Residents question AEP contracts


American Electric Power’s $25 million upgrade of transmission lines to meet the growing electric needs of Delaware County has some residents questioning their right-of-way contracts.

Residents were first informed of the change from wood power poles to steel at an AEP open house Jan. 17.

“We specifically asked in our negotiations will it be wood poles?” said Jim Siler, Troy Township resident. Siler said he was told by Scott Reed, AEP contract right-of-way agent, “‘Yes, we’re not going to use metal poles,’” Siler said. “It’s wood poles, come on folks.”

Vikki Michalski, AEP representative, told The Gazette during a recent open house at the YMCA that the power company will install 85-foot steel poles that are smaller than the large towers normally seen in rural areas.

The company will construct a 17-mile route of new 69-kilovolt transmission lines to modernize the transmission and distribution electric grid in Delaware County. The $25 million project will include work in Berlin, Brown, Delaware, and Troy townships over the next year.

Siler held an open house for his Troy Township neighbors who said they had signed the contracts for right-of-way in 2008. Agreeing with Siler, other residents in a similar discussion with Reed said they were told the poles would be wood.

“Now they’re increasing the diameter of the pole and they’re increasing the height of it by 20 feet,” Siler said. “We’re opposed to that because we don’t have any steel poles running through here. On the drawing it’s obvious, at the top it says wood pole.”

The diagram was given to Siler by Reed as part of the contract package.

In an email from AEP Ohio media relations, The Gazette was told planning for the lines started 10 years ago.

“Preliminary engineering at that time suggested using wood poles,” AEP wrote. “Since then, the community’s growth and demand for more power require the line be designed to meet current and future needs. Steel poles allow us to build a system that supports present power demand and future growth in the area. Steel poles also are stronger and have a longer life span than wood. They can hold the equipment and lines needed to meet the community’s growing demand for electricity. Steel pole structures make the lines stronger, strengthen our transmission system and increase reliability for our customers.”

Ouida Siler, Jim Siler’s wife, said when meeting with Reed, he gave them a diagram of the wood pole.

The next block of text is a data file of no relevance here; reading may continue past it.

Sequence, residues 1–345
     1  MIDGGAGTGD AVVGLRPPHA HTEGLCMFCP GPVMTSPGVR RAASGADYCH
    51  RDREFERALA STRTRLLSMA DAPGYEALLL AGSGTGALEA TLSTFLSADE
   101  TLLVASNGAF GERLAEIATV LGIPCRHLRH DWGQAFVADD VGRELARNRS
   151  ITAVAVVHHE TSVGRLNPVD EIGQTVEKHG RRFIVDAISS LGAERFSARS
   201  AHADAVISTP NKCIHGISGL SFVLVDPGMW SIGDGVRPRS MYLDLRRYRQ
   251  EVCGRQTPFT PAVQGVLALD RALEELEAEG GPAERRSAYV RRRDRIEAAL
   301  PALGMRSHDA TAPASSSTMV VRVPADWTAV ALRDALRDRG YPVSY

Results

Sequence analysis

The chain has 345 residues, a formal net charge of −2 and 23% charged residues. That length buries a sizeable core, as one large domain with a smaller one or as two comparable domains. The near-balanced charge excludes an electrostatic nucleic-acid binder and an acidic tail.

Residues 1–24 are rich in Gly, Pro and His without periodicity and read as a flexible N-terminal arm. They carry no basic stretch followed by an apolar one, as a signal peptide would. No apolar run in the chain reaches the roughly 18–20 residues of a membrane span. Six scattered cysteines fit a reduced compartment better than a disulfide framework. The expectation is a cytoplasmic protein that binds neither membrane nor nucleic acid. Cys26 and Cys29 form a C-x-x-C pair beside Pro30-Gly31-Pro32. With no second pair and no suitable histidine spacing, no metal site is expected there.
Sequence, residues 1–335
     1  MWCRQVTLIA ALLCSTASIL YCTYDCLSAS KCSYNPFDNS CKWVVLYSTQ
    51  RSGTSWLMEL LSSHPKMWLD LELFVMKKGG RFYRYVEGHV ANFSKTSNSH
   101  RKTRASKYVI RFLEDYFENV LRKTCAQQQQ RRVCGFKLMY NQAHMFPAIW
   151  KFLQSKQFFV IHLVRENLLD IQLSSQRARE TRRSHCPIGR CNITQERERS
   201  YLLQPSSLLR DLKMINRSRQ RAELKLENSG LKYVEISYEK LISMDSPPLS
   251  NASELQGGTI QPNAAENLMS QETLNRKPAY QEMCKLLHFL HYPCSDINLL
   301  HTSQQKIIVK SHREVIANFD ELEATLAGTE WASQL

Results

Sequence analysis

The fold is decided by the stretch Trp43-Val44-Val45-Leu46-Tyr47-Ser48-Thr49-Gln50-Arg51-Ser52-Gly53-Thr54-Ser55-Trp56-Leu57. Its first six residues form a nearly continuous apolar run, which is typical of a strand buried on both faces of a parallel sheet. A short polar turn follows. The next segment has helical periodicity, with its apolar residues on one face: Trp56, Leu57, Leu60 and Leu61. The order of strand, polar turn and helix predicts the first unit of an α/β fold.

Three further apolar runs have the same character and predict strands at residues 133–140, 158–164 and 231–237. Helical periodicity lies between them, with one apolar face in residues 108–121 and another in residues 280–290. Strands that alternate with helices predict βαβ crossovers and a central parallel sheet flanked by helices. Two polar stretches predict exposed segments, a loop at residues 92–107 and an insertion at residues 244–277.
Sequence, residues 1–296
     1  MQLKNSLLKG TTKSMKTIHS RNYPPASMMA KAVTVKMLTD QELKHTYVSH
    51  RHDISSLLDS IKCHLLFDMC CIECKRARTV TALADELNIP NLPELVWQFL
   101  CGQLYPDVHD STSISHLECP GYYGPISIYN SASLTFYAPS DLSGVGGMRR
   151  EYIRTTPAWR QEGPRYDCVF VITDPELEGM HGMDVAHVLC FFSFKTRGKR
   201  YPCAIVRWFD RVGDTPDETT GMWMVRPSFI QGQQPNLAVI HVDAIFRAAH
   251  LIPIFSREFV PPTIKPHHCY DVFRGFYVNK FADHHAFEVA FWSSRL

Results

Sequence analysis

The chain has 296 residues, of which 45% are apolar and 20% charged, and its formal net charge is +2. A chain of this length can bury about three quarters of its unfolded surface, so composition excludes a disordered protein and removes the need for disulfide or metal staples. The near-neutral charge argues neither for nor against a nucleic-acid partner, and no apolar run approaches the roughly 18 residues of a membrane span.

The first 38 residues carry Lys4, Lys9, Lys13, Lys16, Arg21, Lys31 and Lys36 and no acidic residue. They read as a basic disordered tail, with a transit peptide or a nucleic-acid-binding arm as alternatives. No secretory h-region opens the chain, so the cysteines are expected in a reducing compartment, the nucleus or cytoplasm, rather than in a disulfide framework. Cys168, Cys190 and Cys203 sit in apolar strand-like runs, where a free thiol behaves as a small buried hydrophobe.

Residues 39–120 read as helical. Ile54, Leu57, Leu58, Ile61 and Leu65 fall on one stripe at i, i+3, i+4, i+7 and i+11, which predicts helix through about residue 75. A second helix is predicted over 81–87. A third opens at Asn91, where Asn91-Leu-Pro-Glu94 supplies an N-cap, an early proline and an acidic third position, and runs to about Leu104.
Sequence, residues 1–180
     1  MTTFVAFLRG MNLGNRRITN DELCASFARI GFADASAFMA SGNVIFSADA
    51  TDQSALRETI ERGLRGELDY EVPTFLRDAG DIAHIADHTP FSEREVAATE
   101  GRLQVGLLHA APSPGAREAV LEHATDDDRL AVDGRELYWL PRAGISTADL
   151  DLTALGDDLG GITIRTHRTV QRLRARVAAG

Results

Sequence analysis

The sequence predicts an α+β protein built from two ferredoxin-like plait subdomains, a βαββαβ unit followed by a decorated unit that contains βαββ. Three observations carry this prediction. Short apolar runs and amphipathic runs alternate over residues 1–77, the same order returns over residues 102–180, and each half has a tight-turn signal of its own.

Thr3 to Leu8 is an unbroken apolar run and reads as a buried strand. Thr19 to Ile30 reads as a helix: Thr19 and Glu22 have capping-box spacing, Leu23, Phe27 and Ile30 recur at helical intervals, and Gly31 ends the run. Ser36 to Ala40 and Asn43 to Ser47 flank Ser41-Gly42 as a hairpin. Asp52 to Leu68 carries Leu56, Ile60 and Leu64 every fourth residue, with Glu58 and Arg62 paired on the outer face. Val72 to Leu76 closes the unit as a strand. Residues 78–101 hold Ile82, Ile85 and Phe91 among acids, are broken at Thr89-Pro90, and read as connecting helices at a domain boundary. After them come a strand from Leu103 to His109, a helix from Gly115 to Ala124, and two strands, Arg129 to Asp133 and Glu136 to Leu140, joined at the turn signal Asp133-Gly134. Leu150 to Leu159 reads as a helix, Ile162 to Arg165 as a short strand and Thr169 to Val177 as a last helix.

“We toyed around with it for quite a while,” she said. “We were thinking not to sign. What they told us, to scare you a little bit, is if you don’t do it now when we come back, we’re going to give you a set amount.”

Siler thinks the wooden poles blend in with the scenery of the property whereas the metal poles will stick out.

Roni Saxby said she went online and pulled up the original easement from 2008. “It didn’t specify anything about height or size of the poles,” she said. “It just gave you the longitude and latitude of where they’re supposed to be.”

Saxby said she asked AEP representatives for examples of where the steel poles were used in a residential area. She was directed to the Lincoln substation behind Delaware Hayes High School.

“When I went to look at them, they are wood poles, 60 feet and they go from the substation down the tracks to an industrial area,” she said. “So it’s not the same.”

Saxby said she sent an email to AEP telling them they were wood poles. The reply she received was, “they would send it to their right-of-way people and they would get back to me,” Saxby said. “That was about two weeks ago.”

Saxby added, “My biggest concern is this a residential area, we’re clearly losing our (property) values.”

Resident Joel Provence said he wasn’t aware of AEP’s right-of-way until the day he and his wife closed on their home a year-and-a-half ago.

“When we signed, that was our deal,” he said. “The only thing positive I would say is at least they were courteous enough to move them to the corners of the property line.”

The Gazette contacted Reed, who said he is retired. “The only thing I can tell you is it’s all public record,” Reed said.

By D. Anthony Botkin

[email protected]

D. Anthony Botkin may be reached at 740-413-0902 or on Twitter @dabotkin.

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